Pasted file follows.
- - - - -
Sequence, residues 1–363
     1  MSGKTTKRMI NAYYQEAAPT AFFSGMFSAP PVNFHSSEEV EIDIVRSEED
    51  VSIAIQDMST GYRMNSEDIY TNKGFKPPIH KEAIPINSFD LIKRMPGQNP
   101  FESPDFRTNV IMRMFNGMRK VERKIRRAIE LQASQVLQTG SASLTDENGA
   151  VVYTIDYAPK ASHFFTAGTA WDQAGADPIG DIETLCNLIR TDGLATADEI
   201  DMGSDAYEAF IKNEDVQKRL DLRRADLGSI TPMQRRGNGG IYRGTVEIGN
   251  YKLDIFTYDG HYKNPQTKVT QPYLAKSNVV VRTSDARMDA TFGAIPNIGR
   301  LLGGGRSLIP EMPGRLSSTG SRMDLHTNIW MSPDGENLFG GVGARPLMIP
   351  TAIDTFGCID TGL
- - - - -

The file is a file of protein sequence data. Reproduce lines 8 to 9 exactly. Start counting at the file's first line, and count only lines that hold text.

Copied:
   301  LLGGGRSLIP EMPGRLSSTG SRMDLHTNIW MSPDGENLFG GVGARPLMIP
   351  TAIDTFGCID TGL